Our policy is to request that customers submit their Reg E fraud claims in writing for signature based transactions on check cards. If the customer does not submit their claim in writing within ten days of being asked to do so, what is the time frame we must adhere to once the written claim is received? If the affidavit is received after the tenth day, does credit need to be issued within 24 hours of receiving that claim or do we have until day 90 to issue provisional credit?
A customer is claiming unauthorized debits to her account. She said she just realized this, but she claims the first occurance was in May. The $200 ACH debits occured every two weeks for several months. The debits were payments on a bill she owes. She said she authorized $50 a month. I realize I only have to reimburse for the debits occuring 60 days after the statement cycle in which the error occured. So far, I am not having much luck with the third party on getting proof our customer authorized the $200. It is too late to return the ACH entries as unauthorized. Our customer has benefited from these ACH debits in that her outstanding debt to this company has been reduced. Can we deny that claim based on the fact that she has benefited?
We have a customer who has filed 54 fraud disputes and almost everything was bought online for the past sixty days. We have researched the past statements for one year and they show purchases made each month and all returned to the stores. We know the customer is buying things and then returning them all and the statements have four pages of just credit from returned purchases each month. We believe the customer is just trying to get out of the charges since they are overdrawn more than $500. The customer already informed a teller they are closing the account once they get the provisional credit. What can we do since we are pretty sure all the receipts from VISA will come back as delivered and will be denied? We are talking about over $1700 worth of online purchases.
What do the regulations say about how long a client has to dispute an unauthorized item that was paid on their bank statement? We have a client that is claiming a forged check item after sixty days. The only thing that I could find was the Reg E rules regarding electronic items.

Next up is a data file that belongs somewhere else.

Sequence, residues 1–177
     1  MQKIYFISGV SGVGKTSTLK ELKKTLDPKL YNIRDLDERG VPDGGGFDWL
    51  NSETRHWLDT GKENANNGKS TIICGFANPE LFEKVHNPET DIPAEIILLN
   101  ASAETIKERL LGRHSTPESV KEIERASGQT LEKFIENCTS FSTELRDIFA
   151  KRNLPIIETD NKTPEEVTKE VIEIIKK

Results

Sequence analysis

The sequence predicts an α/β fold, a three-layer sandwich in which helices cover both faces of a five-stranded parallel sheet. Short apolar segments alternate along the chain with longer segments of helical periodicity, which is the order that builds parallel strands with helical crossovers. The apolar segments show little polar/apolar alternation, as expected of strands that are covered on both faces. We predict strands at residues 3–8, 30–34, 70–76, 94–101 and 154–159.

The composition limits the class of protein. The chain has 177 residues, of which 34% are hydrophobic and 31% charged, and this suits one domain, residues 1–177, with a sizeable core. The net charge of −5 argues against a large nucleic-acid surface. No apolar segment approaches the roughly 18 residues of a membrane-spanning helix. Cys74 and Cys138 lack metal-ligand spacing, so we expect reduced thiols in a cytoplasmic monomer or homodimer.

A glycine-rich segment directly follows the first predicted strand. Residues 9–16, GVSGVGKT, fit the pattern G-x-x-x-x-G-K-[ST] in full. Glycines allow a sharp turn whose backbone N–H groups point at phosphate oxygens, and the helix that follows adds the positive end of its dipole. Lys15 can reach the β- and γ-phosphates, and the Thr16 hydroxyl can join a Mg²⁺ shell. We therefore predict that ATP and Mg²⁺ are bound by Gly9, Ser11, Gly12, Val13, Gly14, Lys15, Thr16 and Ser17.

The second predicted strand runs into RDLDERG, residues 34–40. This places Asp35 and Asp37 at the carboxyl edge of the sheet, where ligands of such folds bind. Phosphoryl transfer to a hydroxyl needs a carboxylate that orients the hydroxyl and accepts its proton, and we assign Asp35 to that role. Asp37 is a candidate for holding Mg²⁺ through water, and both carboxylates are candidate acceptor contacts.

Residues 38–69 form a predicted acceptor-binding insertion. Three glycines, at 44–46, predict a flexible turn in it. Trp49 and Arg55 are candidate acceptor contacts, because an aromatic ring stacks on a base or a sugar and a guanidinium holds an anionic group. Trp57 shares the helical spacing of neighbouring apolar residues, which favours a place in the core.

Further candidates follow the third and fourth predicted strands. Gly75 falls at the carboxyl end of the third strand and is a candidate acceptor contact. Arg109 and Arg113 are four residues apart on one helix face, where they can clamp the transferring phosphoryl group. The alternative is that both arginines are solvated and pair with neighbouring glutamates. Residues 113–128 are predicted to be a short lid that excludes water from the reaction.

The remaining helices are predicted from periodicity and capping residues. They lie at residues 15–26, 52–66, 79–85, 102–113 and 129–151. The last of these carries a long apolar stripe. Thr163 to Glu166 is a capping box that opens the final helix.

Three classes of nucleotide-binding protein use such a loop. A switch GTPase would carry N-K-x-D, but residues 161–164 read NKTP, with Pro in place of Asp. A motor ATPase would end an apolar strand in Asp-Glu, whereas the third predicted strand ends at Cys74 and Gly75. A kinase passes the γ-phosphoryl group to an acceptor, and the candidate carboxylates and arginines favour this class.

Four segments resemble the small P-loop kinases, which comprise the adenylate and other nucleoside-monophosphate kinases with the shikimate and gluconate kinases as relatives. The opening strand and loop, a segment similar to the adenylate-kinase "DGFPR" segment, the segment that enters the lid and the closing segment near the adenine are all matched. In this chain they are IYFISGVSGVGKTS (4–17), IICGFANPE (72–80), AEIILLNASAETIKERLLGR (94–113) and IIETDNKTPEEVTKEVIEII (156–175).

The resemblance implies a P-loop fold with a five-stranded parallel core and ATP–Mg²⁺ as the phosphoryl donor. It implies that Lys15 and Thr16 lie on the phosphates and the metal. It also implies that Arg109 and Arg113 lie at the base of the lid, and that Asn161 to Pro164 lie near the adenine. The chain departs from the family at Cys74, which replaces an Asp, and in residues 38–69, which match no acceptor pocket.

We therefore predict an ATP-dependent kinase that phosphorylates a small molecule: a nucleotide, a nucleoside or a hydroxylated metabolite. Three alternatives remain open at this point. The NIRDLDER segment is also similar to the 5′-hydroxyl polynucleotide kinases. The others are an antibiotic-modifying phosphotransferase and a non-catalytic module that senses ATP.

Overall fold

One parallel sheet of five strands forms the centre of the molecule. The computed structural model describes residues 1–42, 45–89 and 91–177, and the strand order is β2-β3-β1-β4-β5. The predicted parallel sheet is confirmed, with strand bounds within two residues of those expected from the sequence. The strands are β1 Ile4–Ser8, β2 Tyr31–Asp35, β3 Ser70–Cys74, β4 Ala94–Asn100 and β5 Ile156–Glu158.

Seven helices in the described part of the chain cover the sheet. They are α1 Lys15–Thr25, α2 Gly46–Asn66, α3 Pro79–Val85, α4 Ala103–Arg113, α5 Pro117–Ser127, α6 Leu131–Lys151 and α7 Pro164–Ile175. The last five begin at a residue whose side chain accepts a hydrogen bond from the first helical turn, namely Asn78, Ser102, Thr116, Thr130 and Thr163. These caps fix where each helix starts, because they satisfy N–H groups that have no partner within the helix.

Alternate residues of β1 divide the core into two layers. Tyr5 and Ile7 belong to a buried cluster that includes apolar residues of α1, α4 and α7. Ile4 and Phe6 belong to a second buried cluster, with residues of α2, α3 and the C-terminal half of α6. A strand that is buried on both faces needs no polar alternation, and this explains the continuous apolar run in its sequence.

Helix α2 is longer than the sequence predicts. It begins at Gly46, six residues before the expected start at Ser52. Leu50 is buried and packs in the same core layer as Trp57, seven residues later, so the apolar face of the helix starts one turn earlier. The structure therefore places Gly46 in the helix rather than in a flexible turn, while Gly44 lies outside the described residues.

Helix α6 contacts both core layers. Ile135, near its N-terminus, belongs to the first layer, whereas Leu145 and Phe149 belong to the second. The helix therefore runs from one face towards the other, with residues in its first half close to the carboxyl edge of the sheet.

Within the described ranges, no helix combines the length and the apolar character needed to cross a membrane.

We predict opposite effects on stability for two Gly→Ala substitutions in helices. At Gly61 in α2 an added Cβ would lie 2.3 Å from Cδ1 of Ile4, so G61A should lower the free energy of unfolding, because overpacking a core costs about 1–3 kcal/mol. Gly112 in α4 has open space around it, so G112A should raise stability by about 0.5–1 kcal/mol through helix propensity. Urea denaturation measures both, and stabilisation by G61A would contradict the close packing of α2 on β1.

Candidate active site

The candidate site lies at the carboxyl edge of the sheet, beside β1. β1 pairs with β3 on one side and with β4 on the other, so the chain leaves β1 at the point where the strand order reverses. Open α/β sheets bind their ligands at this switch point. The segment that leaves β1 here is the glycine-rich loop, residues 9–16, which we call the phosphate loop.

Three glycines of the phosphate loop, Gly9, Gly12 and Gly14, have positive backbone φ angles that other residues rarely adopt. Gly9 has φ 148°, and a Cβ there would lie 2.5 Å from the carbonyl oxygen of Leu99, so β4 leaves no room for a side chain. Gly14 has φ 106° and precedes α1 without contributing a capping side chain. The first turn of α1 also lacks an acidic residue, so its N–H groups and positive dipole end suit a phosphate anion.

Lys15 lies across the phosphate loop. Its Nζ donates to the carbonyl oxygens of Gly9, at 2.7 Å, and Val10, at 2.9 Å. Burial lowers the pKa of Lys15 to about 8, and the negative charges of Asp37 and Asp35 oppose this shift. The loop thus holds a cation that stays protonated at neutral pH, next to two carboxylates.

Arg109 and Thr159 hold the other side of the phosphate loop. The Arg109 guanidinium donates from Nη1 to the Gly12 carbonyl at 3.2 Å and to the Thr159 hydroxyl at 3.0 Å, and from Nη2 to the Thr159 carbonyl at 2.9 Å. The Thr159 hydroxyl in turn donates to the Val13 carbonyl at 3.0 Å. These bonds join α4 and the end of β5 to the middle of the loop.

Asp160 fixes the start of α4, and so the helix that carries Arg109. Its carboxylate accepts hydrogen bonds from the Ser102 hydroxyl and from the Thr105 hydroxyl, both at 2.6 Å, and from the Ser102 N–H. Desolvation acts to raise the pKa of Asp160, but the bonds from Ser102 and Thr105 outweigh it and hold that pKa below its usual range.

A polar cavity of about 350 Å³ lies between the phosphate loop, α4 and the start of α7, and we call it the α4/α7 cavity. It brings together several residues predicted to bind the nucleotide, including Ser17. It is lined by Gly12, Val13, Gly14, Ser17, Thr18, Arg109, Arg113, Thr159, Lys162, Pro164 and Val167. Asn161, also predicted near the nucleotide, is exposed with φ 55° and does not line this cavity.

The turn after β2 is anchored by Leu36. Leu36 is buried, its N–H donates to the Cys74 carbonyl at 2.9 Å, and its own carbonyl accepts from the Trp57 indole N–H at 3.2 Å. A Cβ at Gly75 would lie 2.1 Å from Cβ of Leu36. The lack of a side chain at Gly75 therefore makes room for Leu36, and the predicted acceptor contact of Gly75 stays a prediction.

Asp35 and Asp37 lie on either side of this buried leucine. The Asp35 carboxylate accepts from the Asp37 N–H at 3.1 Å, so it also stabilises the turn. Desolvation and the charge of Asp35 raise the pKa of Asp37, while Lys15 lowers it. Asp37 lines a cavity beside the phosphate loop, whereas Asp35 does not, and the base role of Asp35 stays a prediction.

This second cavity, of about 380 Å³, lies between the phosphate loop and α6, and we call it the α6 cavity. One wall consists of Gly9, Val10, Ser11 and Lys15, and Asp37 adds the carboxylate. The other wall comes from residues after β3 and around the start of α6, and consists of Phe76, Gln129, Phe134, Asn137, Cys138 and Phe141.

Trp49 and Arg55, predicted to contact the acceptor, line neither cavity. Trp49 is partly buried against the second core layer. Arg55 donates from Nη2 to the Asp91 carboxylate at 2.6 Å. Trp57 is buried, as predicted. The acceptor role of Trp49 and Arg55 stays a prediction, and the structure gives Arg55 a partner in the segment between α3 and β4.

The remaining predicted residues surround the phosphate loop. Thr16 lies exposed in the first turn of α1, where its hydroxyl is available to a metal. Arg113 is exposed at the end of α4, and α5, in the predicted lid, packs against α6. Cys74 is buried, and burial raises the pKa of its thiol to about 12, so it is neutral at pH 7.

In our terms and conditions, we state that we can deny a dispute if "we conclude that the facts do not reasonably support a claim of unauthorized use." If a cardholder claims an ATM withdrawal is unauthorized, but has another ATM withdrawal on the same card after the transaction in question we generally deny the claim. Is the cardholder only liable for $50 per Reg E if the dispute was filed within the 60 day time frame?
What is the time frame for a consumer to file a Reg E claim?
A customer was incarcerated in jail on Feb 28, 2008. She called the bank on April 9th to change the address on an account and is informed of checkcard transactions she claims she did not do (transactions are Feb-April). The customer states she does not want to dispute the transactions until a later time. It has now been 7 months and the customer would like to dispute the transactions now. What are the guidelines for the bank since the customer was informed of the transactions seven months ago and chose not to do anything at that time?
When a Reg E claim is received which consists of several transactions at various merchants, is the claim settled and responded to after the last one is investigated and finalized or as each transaction within the claim is investigated and finalized?
We have a customer who has filed a check card dispute for unauthorized transactions. He states that he has possession of the card. We received notification that we do not have charge back rights because the card holder and merchant used the VISA secure code from the card. Are we in violation of VISA zero liability rule if we do not give this customer his money back? This is the fourth time this customer has filed a dispute claiming fraud in the past three years.
I have a customer disputing a hotel charge. In his letter he only states that he had unauthorized charges to this particular hotel. When we called the customer asking for more information he tells us that the hotel asked for his card number (he gave them his debit card) in case there was damage to the room. He claims that his company paid for his hotel stay, but he has also been charged. We told him that we would have to have a very detailed letter and a copy of where the bill had been paid by other means. Our customer has never responded. How do we handle this situation? Do we still need to send him a letter stating that he does not have charge back rights since he never responded to our request for the information that we needed? We did not issue provisional credit since he did not provide proof of payment.